In March 2010, the Foreign Account Tax Compliance Act of 2009 became US law. FATCA significantly changes the current system of withholding and reporting on payments made to non-US entities.
The changes are intended to allow the IRS to better detect tax evasion by US persons who use offshore arrangements to hide their identities and US tax status from the US government.
FATCA is wide-reaching legislation that is expected to impact non US investment funds, virtually every other financial institution, and even many non financial entities.
Any Cayman fund which does not become FATCA compliant bears the risk of having significant withholdings applied to their income and sales proceeds. However, it is important to note that FATCA’s impact will not be unique to Cayman and its funds industry, and in fact most countries, including their particular funds industries, will also be affected by FATCA.
The creation of FATCA is the result of many US tax investigation cases related to non-US banks and other financial institutions, which harboured US persons who were not declaring their foreign income. FATCA may be viewed as an overreaching attempt to counter this purported behaviour. Although the specific application of these rules is highly dependent on additional guidance to be issued by Treasury in the form of regulations, the investment management industry must now start planning for the implementation of FATCA.
FATCA will impose additional information reporting and withholding requirements on non-US companies, partnerships and trusts, including Cayman domiciled investment funds, by treating them as “foreign financial institutions”. Failure of the FFI to enter into an agreement with the IRS (FFI agreement) would result in the withholding of 30 per cent of the payment to the FFI of US source income and the gross proceeds on disposition of a security that generates US source interest or dividends. This withholding would also apply even if the US investment was sold for a loss. Such withholdings would make most US investments uneconomical, and if a fund has any material turnover, the withholding tax could readily exceed the fund’s net asset value. As a result, it is anticipated that Cayman funds, with any US investments, will enter into the FFI Agreement with the IRS. These new reporting and withholding provisions will be phased in commencing 1 January, 2014. The original effective date had been 1 January, 2013, which was revised when additional regulations were issued in July of this year.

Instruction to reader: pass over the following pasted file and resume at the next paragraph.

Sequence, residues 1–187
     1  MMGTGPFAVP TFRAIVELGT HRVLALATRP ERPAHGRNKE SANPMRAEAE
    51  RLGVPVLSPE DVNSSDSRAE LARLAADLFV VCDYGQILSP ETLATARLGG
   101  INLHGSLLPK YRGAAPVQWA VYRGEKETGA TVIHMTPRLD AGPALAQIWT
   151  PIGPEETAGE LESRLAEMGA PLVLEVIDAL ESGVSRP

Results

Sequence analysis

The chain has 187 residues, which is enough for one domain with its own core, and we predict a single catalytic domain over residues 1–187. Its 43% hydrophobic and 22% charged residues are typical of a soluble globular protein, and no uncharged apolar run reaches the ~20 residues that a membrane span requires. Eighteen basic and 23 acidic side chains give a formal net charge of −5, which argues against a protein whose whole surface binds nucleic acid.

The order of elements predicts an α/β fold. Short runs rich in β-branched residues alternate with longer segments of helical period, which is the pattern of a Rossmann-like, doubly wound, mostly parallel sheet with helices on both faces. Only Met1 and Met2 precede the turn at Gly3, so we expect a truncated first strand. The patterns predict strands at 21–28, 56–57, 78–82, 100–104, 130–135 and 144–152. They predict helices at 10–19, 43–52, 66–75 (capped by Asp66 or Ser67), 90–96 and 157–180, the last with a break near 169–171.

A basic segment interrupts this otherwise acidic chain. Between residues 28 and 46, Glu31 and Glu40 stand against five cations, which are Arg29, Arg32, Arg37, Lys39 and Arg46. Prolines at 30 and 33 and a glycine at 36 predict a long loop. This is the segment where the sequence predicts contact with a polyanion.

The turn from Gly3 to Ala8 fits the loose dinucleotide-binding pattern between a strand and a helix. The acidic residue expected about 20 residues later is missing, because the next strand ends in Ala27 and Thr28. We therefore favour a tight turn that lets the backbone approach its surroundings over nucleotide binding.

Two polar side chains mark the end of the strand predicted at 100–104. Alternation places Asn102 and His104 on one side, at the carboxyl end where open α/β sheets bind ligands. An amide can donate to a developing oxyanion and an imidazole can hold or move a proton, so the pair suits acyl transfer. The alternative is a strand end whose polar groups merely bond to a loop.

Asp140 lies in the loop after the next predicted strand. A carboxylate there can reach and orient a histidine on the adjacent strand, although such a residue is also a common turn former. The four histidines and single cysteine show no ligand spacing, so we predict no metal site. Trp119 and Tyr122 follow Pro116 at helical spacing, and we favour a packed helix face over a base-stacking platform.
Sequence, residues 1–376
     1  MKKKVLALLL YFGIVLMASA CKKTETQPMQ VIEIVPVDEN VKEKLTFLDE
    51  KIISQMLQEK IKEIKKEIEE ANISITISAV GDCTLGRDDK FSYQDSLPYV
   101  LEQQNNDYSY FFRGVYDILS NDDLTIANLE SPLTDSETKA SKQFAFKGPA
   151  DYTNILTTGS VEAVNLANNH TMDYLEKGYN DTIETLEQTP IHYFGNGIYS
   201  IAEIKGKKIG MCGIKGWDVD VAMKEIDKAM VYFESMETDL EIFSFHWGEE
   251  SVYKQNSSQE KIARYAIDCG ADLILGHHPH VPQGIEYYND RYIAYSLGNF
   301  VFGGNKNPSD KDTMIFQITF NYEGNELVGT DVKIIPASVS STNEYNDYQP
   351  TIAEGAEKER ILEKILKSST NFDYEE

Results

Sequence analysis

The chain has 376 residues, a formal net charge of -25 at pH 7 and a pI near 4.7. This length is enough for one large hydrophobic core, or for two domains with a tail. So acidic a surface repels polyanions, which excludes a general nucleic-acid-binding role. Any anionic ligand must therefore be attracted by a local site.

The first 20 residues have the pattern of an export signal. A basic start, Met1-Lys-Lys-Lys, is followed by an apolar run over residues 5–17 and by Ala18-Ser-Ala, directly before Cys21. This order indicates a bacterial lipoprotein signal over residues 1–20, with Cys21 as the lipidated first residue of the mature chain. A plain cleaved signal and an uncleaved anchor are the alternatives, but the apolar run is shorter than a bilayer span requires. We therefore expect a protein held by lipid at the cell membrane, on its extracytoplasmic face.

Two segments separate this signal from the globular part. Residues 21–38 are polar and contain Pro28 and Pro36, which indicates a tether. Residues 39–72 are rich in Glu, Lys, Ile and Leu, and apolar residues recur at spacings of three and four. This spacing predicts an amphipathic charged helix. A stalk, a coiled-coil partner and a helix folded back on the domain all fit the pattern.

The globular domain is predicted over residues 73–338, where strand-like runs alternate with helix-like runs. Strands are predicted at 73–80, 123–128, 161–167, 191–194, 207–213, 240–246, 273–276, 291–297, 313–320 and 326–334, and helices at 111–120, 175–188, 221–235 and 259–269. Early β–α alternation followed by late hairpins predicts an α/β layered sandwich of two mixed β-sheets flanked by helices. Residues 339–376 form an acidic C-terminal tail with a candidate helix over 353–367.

The FFI agreement
The FFI agreement commits the FFI to certain US tax documentation, verification, due diligence, withholding and reporting obligations. Specifically, the FFI agreement will obligate the FFI, such as the Cayman fund, to obtain more information on each investor in order to determine which investors are considered US investors. As a result, the fund will be required to perform due diligence/verification procedures, including searching its records to determine status of the investors.
The fund will likely need to seek waivers from its US investors for any applicable bank secrecy, confidentiality, data privacy, or other information disclosure restrictions that would otherwise limit the fund’s ability to share information with the IRS regarding its US investors.
Finally, the fund will need to comply with any and all IRS information requests.
The FFI agreement will create an additional compliance burden for funds in gathering information on US ownership from investors, drafting withholding agreements with the IRS and ongoing maintenance of agreements – including compliance audits of the overall withholding processes.
Some funds will need to make substantial changes to their processes, including client on-boarding, technology, and internal governance to handle the expected increase in due diligence procedures and compliance.
The FFI agreement will also require a series of certifications from the chief compliance officer, or equivalent level officer, that will have to make such certifications under penalty of perjury. The CCO will also need to certify that the FFI’s personnel are not involved in providing FATCA avoidance advice.